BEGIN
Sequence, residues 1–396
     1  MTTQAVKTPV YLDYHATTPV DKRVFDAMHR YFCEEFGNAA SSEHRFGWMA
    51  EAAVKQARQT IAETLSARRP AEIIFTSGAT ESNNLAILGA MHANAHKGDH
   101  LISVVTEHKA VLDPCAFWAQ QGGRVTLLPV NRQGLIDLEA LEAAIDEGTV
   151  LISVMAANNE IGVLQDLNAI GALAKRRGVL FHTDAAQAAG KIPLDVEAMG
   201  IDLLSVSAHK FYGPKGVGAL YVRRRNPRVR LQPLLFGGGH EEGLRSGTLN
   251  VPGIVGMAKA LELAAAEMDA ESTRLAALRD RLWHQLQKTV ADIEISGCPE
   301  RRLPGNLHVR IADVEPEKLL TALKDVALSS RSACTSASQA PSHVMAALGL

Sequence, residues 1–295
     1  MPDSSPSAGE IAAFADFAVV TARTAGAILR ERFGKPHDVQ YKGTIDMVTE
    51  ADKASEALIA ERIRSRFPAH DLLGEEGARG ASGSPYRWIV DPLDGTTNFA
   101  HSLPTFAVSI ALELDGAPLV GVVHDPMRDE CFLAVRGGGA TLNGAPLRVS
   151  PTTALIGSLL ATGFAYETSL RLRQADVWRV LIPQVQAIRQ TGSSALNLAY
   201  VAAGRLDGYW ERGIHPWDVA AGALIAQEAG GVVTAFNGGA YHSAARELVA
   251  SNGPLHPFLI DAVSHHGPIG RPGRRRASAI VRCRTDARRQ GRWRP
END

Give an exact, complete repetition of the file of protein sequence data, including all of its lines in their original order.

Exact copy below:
Sequence, residues 1–396
     1  MTTQAVKTPV YLDYHATTPV DKRVFDAMHR YFCEEFGNAA SSEHRFGWMA
    51  EAAVKQARQT IAETLSARRP AEIIFTSGAT ESNNLAILGA MHANAHKGDH
   101  LISVVTEHKA VLDPCAFWAQ QGGRVTLLPV NRQGLIDLEA LEAAIDEGTV
   151  LISVMAANNE IGVLQDLNAI GALAKRRGVL FHTDAAQAAG KIPLDVEAMG
   201  IDLLSVSAHK FYGPKGVGAL YVRRRNPRVR LQPLLFGGGH EEGLRSGTLN
   251  VPGIVGMAKA LELAAAEMDA ESTRLAALRD RLWHQLQKTV ADIEISGCPE
   301  RRLPGNLHVR IADVEPEKLL TALKDVALSS RSACTSASQA PSHVMAALGL

Sequence, residues 1–295
     1  MPDSSPSAGE IAAFADFAVV TARTAGAILR ERFGKPHDVQ YKGTIDMVTE
    51  ADKASEALIA ERIRSRFPAH DLLGEEGARG ASGSPYRWIV DPLDGTTNFA
   101  HSLPTFAVSI ALELDGAPLV GVVHDPMRDE CFLAVRGGGA TLNGAPLRVS
   151  PTTALIGSLL ATGFAYETSL RLRQADVWRV LIPQVQAIRQ TGSSALNLAY
   201  VAAGRLDGYW ERGIHPWDVA AGALIAQEAG GVVTAFNGGA YHSAARELVA
   251  SNGPLHPFLI DAVSHHGPIG RPGRRRASAI VRCRTDARRQ GRWRP